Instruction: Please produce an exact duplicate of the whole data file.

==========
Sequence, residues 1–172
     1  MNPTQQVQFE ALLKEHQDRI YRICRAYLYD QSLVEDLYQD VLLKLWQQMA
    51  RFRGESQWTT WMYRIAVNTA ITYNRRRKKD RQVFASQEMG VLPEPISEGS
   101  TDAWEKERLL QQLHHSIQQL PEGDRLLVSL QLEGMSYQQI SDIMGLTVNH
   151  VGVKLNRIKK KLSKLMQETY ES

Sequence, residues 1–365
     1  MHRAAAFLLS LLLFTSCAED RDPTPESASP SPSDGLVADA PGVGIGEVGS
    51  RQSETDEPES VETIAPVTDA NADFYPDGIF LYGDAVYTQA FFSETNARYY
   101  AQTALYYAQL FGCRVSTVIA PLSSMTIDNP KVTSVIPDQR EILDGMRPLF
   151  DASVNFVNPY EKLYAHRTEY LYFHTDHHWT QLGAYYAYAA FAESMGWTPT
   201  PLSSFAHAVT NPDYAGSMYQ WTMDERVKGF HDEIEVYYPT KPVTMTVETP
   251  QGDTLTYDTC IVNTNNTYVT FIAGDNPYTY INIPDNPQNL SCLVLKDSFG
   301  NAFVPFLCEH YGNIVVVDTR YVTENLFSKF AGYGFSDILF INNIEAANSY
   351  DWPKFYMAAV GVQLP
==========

Sequence, residues 1–172
     1  MNPTQQVQFE ALLKEHQDRI YRICRAYLYD QSLVEDLYQD VLLKLWQQMA
    51  RFRGESQWTT WMYRIAVNTA ITYNRRRKKD RQVFASQEMG VLPEPISEGS
   101  TDAWEKERLL QQLHHSIQQL PEGDRLLVSL QLEGMSYQQI SDIMGLTVNH
   151  VGVKLNRIKK KLSKLMQETY ES

Sequence, residues 1–365
     1  MHRAAAFLLS LLLFTSCAED RDPTPESASP SPSDGLVADA PGVGIGEVGS
    51  RQSETDEPES VETIAPVTDA NADFYPDGIF LYGDAVYTQA FFSETNARYY
   101  AQTALYYAQL FGCRVSTVIA PLSSMTIDNP KVTSVIPDQR EILDGMRPLF
   151  DASVNFVNPY EKLYAHRTEY LYFHTDHHWT QLGAYYAYAA FAESMGWTPT
   201  PLSSFAHAVT NPDYAGSMYQ WTMDERVKGF HDEIEVYYPT KPVTMTVETP
   251  QGDTLTYDTC IVNTNNTYVT FIAGDNPYTY INIPDNPQNL SCLVLKDSFG
   301  NAFVPFLCEH YGNIVVVDTR YVTENLFSKF AGYGFSDILF INNIEAANSY
   351  DWPKFYMAAV GVQLP